Alaska Native business owners invite you to shop small this holiday season
FAIRBANKS, Alaska (KTVF) -Supporting small businesses during this holiday season not only keeps the money in the community, but it also helps keep food on a neighbor’s tables, helps friends pay the rent, and keeps kids in extracurricular activities.
According to the United Nations, although Indigenous Peoples make up only 5% of the global population but they account for about 15% of the world’s lowest incomes.
In honor of National Native American Heritage month, we are featuring several Alaska Native owned small businesses on Small Business Saturday.
“I started beadworking when I was 11 or 12 making brick stitch” Deloole’aanh Erickson said. “Then when I was in high school I started learning skin stitching so you bead onto the moose hide.”
Erickson makes jewelry using mostly glass beads and moose hide. She said it allows her to get closer to her Athabascan roots.
“I was raised in Hoonah which is a Tlingit village. So I grew up learning Tlingit culture, practicing their language and their songs and their artwork, but I was never taught our traditional forms of artwork.” Erickson said. “So that’s one of the things that I enjoy about it is the connections and the mentors I’ve had through this process”
You can support Erickson by visiting her Instagram page, yukdena_llu.
“I think it’s important because this work that we do, it takes a lot of time and energy,” Erickson added. ”When you support our artwork, it helps us do extra fun things with our family and it also helps me fund my artwork to begin with.”
If jewelry is on your list, another unique indigenous artist to support is Bonnie Scheele. Scheele is Inupiaq and a third generation reindeer herder. She owns “Twenty Mile Trading Company” which makes and sells one of a kind rings and other crafts using reindeer byproducts.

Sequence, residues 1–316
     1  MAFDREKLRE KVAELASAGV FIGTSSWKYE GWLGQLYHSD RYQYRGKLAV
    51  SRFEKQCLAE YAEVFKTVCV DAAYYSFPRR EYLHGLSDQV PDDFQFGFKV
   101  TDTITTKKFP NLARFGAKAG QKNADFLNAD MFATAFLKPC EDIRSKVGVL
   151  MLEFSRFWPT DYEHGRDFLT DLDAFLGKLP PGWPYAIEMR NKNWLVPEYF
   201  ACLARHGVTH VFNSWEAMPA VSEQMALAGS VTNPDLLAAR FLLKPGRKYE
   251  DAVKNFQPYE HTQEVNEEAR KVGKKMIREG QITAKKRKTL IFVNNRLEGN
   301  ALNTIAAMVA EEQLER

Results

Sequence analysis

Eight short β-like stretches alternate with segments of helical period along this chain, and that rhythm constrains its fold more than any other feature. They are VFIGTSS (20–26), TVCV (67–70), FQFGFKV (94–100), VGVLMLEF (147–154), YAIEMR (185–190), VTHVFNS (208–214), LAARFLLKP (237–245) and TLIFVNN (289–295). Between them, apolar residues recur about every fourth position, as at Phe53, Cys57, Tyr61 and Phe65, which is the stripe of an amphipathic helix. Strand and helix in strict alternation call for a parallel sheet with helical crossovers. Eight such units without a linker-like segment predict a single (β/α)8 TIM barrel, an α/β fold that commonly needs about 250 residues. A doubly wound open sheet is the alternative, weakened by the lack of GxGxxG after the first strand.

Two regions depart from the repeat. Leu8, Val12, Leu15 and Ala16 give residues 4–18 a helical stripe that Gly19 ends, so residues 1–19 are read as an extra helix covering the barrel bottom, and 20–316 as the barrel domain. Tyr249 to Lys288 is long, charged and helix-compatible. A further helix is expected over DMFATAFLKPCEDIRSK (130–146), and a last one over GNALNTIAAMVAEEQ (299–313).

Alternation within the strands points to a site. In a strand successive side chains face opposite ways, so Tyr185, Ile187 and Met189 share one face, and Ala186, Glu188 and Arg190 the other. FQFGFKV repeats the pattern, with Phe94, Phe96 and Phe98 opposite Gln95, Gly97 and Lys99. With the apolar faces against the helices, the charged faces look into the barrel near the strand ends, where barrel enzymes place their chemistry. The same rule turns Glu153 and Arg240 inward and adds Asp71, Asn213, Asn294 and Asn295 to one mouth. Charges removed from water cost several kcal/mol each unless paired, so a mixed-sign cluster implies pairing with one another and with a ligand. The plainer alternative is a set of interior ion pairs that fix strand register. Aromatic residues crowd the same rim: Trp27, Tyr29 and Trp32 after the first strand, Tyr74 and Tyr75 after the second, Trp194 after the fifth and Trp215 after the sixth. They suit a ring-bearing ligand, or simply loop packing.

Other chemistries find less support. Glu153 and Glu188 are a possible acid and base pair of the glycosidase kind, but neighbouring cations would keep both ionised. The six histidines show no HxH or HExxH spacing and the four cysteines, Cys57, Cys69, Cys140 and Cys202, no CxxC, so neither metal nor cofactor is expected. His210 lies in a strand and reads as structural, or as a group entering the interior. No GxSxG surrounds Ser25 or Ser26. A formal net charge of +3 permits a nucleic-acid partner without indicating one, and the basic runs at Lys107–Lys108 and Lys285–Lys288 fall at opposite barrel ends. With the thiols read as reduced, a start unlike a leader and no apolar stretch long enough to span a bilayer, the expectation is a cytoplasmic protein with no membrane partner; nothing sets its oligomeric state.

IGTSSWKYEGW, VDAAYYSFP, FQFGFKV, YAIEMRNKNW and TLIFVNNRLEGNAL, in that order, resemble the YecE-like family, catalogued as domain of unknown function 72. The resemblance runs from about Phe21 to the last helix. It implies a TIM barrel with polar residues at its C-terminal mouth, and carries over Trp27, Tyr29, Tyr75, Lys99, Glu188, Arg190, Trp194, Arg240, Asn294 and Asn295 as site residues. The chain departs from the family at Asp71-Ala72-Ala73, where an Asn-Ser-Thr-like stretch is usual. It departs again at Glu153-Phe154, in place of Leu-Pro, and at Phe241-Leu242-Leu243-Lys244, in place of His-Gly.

Here grandfather started their family’s reindeer herd in the 1960′s and it remains a family business today.
“Being a herder and having a creative outlet is a blessing that I’m thankful for each and every day,” Scheele said.
The rings are made from male and female dropped antlers that occurs during the reindeers yearly life cycle. Each ring is unique, like each reindeer. With Scheels cultural background she said she uses as much of the animal as possible.
Her business can be found on Instagram at twenty_mile_trading_company.
If Athabascan art is what you are after then look no further than Carey Nollner. Nollner’s use of color and emotions in her paintings brings to life her culture and identity.
Her roots start in Kaltag, Nulato and Ruby Alaska, but she currently lives in Fairbanks. She uses oils and acrylics in her paintings and offers prints and cards of her work.
You can purchase her art on Instagram at 907koyukona.
If handmade ivory carvings are on your wish list, Joshua Menadelook is one to look for.
“I do ivory earrings in the shapes of animals like seals moose and caribou walrus, even teardrop.” Mendalook said.
Mendalook lives in Fairbanks but was raised on Little Diomede Island. He says his inspiration has been passed down.
“My grandparents used to do ivory bracelets when I was growing up,” Mendalook said. “The other inspiration was I got to do a lot of hunting when I was a kid. I hunted in a skin boat since I was three years old until we left the island.”
Mendalook’s art can be found on Facebook at Joshua Menadelook Carvings.
Alaskan has no shortage of amazing beaders. Another talented artist is Blanche Sam. Originally from Hughes, Alaska, Sam lives in Fairbanks now and runs Brilliant Beads By Blanche. She is Athabascan and Inupiaq decent.
“I originally learned to sew and bead in elementary [school] from my grandmothers and aunt,” Blanche said. “I picked up a needle and thread in 2016 and have been busy with it since.”
Her beads feature a mixture of traditional materials including beads, shells, fur and hide and her style is filled with color.
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